9. Think About Backgrounds:
The background and scenery are almost as much a part of wildlife photography as the animals. Chiquibul Macaws at Dawn by Tony Rath shows just how much of a difference scenery can make to an image, as the stunning Chiquibul forest is as essential to the photo as the birds flying above it.
Keeping the background uncluttered is also important. When taking Silent Extinction, Arati Kumar-Rao waited until the giraffe was next to the tree before taking the photo. Chris Fallows couldn't take Grace on Granite, a striking picture of a leopard standing on a rock, until the leopard came out of the bush.
10. Have Patience:
As you might have guessed, patience is a crowning virtue in wildlife photographers who often have to wait for days to take the perfect shot. Chris Fallows nearly missed his plane trying to take Grace on Granite, and Colleen Gara took Coastal Wolf only after days of searching a remote island off the coast of British Columbia. Still, all their waiting paid off with these gorgeous photographs.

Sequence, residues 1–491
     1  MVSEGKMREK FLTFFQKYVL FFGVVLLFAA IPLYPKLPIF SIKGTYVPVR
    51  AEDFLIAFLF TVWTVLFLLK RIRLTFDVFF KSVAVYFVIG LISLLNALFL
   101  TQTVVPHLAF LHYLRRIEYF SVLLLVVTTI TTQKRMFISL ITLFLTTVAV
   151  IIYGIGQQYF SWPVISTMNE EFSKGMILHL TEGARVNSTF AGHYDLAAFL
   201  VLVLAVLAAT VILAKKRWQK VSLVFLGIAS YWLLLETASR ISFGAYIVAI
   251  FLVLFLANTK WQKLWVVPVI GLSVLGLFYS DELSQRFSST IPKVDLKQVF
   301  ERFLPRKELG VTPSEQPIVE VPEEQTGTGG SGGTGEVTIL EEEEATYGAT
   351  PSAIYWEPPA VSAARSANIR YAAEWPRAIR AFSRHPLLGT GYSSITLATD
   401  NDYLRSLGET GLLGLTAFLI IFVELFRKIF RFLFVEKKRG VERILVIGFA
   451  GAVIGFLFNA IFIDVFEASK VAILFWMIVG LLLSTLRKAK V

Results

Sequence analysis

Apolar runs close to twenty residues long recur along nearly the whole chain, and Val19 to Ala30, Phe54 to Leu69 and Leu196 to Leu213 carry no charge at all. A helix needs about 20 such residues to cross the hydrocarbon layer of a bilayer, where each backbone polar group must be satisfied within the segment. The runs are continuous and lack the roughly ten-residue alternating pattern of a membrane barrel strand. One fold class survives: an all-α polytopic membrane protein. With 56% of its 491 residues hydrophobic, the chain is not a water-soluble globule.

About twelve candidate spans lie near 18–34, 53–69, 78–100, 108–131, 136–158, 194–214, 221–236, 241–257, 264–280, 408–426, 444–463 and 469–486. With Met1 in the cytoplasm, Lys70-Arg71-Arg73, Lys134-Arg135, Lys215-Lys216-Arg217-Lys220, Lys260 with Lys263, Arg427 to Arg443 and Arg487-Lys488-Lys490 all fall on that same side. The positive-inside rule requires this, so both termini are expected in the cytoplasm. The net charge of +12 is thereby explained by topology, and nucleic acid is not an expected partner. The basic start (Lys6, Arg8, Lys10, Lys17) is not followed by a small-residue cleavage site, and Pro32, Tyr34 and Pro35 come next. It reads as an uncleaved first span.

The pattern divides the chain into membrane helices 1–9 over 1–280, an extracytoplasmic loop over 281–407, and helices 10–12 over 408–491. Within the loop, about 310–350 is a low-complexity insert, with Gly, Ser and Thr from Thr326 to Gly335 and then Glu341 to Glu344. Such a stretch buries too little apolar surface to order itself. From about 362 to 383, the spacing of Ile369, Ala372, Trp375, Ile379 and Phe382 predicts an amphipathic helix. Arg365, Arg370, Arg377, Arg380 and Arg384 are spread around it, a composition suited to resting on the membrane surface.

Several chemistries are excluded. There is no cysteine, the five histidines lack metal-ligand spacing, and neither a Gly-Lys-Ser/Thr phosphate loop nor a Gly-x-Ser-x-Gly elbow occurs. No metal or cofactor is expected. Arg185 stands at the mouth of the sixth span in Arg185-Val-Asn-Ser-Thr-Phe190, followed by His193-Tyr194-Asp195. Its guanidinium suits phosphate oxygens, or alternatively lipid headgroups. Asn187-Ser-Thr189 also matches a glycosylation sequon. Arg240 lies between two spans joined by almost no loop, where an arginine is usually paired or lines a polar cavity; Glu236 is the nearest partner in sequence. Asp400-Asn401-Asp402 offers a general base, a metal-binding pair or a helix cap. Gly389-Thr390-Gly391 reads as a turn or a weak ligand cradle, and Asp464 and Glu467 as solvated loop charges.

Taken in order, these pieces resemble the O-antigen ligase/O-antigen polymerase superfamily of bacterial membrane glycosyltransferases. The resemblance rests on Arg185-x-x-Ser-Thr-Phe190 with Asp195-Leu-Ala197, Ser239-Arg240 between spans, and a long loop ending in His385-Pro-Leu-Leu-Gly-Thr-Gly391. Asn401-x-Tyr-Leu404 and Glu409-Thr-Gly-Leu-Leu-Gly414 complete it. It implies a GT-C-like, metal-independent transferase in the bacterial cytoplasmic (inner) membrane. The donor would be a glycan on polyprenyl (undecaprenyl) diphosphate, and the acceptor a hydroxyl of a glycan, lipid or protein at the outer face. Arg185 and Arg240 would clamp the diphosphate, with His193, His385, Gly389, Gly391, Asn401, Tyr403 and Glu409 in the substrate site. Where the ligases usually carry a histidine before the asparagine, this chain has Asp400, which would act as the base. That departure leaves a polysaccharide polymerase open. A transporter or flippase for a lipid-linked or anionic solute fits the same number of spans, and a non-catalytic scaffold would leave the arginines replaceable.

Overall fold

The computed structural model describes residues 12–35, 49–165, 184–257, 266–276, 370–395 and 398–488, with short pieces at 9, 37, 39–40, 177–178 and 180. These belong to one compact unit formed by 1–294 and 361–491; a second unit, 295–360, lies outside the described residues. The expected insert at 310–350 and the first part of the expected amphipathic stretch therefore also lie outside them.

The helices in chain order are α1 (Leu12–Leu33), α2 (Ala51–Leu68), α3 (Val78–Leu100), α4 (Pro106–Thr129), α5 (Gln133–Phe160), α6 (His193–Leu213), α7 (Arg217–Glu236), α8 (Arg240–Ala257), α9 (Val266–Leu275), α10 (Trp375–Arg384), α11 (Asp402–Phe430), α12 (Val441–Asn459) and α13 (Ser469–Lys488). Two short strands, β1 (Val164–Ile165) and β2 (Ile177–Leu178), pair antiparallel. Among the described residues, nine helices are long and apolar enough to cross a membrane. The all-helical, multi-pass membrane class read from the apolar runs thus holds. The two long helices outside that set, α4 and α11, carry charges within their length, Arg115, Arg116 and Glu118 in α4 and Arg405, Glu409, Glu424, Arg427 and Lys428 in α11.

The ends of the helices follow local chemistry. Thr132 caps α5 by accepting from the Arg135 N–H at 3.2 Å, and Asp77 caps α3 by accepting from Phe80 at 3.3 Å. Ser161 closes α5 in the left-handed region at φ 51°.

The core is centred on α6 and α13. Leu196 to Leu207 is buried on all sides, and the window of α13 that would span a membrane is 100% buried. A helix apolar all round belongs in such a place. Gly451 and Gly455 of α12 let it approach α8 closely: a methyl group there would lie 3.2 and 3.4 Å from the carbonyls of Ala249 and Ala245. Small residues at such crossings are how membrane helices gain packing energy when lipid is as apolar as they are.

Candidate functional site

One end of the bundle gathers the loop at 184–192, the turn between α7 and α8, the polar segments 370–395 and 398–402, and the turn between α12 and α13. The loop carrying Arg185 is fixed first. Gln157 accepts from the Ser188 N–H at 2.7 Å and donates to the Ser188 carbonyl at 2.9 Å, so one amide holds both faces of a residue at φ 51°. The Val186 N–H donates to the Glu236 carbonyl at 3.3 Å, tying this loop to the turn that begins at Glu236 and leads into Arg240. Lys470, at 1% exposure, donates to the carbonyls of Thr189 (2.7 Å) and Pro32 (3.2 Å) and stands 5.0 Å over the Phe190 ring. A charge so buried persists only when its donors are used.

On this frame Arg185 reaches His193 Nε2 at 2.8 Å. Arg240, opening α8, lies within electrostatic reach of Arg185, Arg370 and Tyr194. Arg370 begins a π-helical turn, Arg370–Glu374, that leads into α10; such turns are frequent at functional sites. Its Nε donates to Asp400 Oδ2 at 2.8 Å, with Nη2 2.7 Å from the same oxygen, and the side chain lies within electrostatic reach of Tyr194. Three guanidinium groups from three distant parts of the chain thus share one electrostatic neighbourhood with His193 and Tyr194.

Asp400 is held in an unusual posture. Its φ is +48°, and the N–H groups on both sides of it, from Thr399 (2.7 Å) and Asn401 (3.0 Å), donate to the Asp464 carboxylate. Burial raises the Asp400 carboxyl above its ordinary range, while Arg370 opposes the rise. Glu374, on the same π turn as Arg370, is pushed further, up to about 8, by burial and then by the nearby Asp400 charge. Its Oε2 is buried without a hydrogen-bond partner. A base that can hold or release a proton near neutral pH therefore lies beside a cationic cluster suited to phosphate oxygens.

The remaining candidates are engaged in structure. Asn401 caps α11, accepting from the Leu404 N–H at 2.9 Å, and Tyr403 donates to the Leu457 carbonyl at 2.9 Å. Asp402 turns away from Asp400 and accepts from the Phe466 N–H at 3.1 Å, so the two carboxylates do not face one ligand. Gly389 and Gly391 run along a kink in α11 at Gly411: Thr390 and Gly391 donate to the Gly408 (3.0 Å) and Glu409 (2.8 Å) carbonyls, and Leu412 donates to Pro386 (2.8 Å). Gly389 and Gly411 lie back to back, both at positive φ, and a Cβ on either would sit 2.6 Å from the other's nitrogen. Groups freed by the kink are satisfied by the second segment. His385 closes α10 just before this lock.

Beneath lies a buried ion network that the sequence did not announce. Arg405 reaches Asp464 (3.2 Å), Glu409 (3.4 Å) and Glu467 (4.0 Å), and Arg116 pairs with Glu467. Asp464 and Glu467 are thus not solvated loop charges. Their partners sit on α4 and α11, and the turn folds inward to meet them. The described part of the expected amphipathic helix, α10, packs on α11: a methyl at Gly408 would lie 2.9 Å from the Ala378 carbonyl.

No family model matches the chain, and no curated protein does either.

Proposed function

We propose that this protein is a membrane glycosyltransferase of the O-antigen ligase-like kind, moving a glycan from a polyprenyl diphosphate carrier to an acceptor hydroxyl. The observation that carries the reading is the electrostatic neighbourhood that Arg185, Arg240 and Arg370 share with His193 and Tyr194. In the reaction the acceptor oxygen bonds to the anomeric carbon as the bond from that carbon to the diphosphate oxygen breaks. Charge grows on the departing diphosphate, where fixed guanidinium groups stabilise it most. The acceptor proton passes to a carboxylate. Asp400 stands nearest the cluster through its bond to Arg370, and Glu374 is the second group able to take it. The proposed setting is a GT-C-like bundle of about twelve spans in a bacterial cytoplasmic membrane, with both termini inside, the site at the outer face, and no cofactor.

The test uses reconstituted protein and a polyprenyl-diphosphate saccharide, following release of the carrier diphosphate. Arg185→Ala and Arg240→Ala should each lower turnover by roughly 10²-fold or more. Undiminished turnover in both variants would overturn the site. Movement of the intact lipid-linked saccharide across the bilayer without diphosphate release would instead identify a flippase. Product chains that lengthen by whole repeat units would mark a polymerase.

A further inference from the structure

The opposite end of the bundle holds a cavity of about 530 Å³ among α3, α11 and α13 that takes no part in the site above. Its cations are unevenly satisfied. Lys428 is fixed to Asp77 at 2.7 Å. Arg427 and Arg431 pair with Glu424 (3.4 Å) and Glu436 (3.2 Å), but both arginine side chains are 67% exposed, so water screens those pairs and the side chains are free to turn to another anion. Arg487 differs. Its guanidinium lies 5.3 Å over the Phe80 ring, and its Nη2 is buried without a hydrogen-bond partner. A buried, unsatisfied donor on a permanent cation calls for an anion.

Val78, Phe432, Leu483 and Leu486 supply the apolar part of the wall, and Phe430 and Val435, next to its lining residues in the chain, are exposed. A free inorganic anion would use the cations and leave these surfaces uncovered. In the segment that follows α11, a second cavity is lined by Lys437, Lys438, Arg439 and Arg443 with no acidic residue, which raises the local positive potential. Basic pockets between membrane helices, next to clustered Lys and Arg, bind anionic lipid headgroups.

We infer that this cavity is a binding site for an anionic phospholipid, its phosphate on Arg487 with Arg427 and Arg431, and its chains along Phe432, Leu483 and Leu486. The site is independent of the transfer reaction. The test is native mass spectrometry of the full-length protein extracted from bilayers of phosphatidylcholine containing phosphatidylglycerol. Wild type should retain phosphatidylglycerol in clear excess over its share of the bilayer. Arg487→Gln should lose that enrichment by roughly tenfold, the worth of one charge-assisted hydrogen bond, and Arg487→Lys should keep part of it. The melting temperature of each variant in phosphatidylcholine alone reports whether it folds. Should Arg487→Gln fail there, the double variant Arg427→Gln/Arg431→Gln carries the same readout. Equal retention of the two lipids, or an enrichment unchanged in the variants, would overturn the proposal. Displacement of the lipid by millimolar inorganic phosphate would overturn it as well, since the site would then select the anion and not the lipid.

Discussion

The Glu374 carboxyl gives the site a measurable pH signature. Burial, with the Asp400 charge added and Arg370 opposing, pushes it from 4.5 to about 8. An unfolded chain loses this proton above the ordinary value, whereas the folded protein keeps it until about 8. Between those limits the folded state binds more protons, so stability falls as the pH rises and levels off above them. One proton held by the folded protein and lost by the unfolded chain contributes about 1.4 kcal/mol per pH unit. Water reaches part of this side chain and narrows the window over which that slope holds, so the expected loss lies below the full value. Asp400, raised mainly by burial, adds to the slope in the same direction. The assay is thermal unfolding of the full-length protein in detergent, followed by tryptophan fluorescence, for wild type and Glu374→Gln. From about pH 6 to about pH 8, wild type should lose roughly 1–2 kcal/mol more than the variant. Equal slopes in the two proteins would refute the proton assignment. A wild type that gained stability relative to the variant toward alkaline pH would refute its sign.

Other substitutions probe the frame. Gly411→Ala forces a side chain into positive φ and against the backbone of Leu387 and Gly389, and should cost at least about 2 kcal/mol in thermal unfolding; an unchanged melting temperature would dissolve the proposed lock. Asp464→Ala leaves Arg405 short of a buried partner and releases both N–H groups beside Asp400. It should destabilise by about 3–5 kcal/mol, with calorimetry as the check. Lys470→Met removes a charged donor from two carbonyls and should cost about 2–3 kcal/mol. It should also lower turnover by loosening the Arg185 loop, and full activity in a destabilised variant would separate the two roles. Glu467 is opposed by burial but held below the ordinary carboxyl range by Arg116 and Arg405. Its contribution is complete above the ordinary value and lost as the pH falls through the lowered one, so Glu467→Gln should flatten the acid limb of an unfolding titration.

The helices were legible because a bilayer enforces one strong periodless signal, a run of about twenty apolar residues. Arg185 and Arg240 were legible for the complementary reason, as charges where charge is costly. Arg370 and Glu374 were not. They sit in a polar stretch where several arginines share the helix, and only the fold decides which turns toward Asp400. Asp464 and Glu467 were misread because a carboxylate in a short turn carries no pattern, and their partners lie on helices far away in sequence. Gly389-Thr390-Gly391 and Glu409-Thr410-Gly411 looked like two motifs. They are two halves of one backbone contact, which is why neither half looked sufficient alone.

We haven't mentioned one more fundamental wildlife photography tip: respect animals and keep them safe. Animal safety is paramount to the practice of ethical wildlife photography championed by the photographers at Untamed Photographer. You should never startle, chase or bait animals or go too close to them (as that can put you or them in danger). Melissa Groo was cautious not to startle the bobcats seen in Bobcat Love, photographing them from a car, at a distance, with a long lens, and her approach is exemplary of how you should treat the animals you photograph. (Melissa Groo is also the author of a course called Bird Photography with Melissa Groo, which covers, among other things, ethics in bird photography).
With the right gear and the correct technique, you can improve your photography skills and take pride in your wildlife photography. If you need more inspiration, check out the limited-edition prints at Untamed Photographer, all of which come with a description of how professional wildlife photographers shot the photo.